Alan L. Wells, age 54, has served as a director of Windstream since 2010 and serves as a member of the Audit Committee and the Compensation Committee. He is a founding partner of Financial Advisory Partners, LLC, which makes private equity investments and provides financial advisory services to mid-sized companies in the Midwest. He served as Chief Executive Officer of Iowa Telecommunication Services, Inc. (“Iowa Telecom”) (NYSE: IWA) from 2002 to 2010 and Chairman of its board of directors from 2004 to 2010. He joined Iowa Telecom in 1999 as President and Chief Operating Officer, and was appointed to the role of President and Chief Executive Officer in 2002. Prior to joining Iowa Telecom, Mr. Wells was Senior Vice President and Chief Financial Officer at MidAmerican Energy Holdings Company (MidAmerican) (NYSE: MEC), a Des Moines, Iowa-based electric and gas utility holding company, from 1997 until 1999. During the same period, Mr. Wells also served as President of MidAmerican's non-regulated businesses. Mr. Wells held various executive and management positions with MidAmerican, its subsidiaries, and Iowa-Illinois Gas and Electric, one of its predecessors, from 1993 through 1999. Prior to that, Mr. Wells was with Deloitte Consulting (previously Deloitte & Touche Consulting) and previously held various positions with the Public Utility Commission of Texas and Illinois Power Company.

     Mr. Wells’ qualifications for election to the Board include his broad background and experience, his wide range of operational and financial experiences in regulated industries, and his prior experience as a senior executive with two public companies. The Windstream Board has determined that Mr. Wells qualifies as an “audit committee financial expert,” as defined by the rules of the SEC. Through his prior experience as a senior executive in the telecommunications and other regulated industries, he has insight on managing complex regulated enterprises, developing strategic plans in changing regulatory environments, overseeing financial reporting processes, and executing large capital market transactions.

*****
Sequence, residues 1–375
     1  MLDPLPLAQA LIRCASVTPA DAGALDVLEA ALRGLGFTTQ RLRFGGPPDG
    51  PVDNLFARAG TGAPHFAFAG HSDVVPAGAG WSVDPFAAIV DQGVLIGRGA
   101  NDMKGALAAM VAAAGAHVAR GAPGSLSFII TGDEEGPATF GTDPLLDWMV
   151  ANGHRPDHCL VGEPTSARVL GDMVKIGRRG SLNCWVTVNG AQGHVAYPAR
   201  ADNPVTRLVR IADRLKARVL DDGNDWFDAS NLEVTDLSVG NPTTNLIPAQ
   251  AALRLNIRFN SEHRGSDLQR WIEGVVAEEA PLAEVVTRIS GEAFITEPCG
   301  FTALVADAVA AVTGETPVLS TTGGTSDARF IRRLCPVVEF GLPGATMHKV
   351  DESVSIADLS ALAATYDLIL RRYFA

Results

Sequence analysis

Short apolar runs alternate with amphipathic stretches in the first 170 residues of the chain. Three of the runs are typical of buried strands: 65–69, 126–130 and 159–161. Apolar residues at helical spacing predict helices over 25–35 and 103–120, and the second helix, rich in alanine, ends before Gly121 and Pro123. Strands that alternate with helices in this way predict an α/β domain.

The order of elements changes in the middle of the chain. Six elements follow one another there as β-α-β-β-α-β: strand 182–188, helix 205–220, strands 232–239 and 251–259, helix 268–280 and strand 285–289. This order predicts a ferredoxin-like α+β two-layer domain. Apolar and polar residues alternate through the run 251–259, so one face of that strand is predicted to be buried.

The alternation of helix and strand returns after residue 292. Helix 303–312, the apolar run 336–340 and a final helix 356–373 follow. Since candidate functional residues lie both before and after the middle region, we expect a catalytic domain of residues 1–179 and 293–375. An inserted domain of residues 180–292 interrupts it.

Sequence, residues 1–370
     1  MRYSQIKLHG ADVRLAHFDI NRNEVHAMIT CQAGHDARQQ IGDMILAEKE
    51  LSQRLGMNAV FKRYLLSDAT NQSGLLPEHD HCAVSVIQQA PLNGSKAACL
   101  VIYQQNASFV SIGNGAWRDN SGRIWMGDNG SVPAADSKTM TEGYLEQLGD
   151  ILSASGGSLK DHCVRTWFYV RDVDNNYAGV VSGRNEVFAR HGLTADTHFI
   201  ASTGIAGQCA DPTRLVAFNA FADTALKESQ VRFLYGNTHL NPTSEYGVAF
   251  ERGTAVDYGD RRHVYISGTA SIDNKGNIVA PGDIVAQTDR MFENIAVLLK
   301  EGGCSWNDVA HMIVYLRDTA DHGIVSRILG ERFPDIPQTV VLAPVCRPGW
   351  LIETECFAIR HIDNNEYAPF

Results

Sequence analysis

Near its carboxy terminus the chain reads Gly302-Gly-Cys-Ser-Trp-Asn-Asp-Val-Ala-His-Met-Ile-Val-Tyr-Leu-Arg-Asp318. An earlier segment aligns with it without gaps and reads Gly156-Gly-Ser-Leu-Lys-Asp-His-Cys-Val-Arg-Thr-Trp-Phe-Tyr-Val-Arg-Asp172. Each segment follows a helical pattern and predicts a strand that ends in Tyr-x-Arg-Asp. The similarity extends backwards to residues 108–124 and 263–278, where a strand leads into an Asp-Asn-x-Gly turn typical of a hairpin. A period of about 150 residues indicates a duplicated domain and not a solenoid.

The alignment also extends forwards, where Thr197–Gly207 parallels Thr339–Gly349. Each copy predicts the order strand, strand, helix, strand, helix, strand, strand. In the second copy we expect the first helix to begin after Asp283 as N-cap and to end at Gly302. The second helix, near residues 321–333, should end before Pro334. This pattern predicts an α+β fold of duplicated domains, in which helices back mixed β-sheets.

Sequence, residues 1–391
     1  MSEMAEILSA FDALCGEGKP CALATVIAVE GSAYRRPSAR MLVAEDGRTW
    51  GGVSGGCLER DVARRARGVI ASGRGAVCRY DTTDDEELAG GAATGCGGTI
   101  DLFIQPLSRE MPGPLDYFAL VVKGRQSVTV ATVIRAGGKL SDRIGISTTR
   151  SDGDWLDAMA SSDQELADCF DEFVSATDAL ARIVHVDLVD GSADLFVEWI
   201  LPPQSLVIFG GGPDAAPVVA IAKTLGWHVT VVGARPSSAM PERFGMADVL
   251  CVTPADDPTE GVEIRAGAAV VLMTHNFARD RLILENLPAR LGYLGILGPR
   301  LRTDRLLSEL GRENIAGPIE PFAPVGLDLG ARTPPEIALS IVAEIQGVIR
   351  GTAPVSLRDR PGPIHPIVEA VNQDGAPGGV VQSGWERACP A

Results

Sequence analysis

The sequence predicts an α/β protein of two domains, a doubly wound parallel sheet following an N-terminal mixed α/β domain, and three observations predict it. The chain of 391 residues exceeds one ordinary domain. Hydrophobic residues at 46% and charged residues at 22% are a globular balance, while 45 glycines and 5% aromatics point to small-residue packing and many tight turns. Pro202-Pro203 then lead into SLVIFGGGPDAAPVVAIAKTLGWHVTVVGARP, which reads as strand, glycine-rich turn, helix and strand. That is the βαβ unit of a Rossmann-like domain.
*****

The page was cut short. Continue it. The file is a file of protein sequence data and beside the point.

Board Recommendation

     THE BOARD OF DIRECTORS UNANIMOUSLY RECOMMENDS THAT STOCKHOLDERS VOTE “FOR” EACH OF THE FOREGOING NOMINEES.

     PROXIES SOLICITED BY THE BOARD OF DIRECTORS WILL BE VOTED “FOR” EACH OF THE FOREGOING NOMINEES UNLESS STOCKHOLDERS SPECIFY A CONTRARY VOTE.

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SECURITY OWNERSHIP

     Stock Ownership Guidelines. The Windstream Board of Directors has adopted minimum stock ownership guidelines for Windstream’s directors and executive officers. Directors who are not executive officers are expected to maintain beneficial ownership of shares of Windstream Common Stock valued at least five times the annual cash retainer paid to non-management directors. Executive officers are expected to maintain beneficial ownership of shares of Common Stock at the following levels: ten times base salary for the Chief Executive Officer; five times base salary for each of the Chief Financial Officer, Chief Operating Officer and General Counsel; and three times base salary for all other executive officers. Directors have a transition period of five years from their initial election, and executive officers have a transition period of three years from their initial election to meet the applicable ownership guidelines and, thereafter, one year (measured from the date of each annual meeting) to meet any increased ownership requirements resulting from changes in stock price, annual base fee, annual base salary, or applicable ownership levels occurring since the initial deadline. During the transition period and until the director or officer satisfies the specified ownership levels, the guidelines impose a retention ratio that provides that each officer and director is expected to retain at least 50% of the shares received, net of tax payment obligations, upon the vesting of restricted stock or the exercise of stock options. Directors and officers are also required to hold for at least six months all shares received, net of tax payment obligations, upon vesting of restricted equity awards or the exercise of stock options. For the purposes of the guidelines, unvested shares or units of restricted stock are considered to be owned.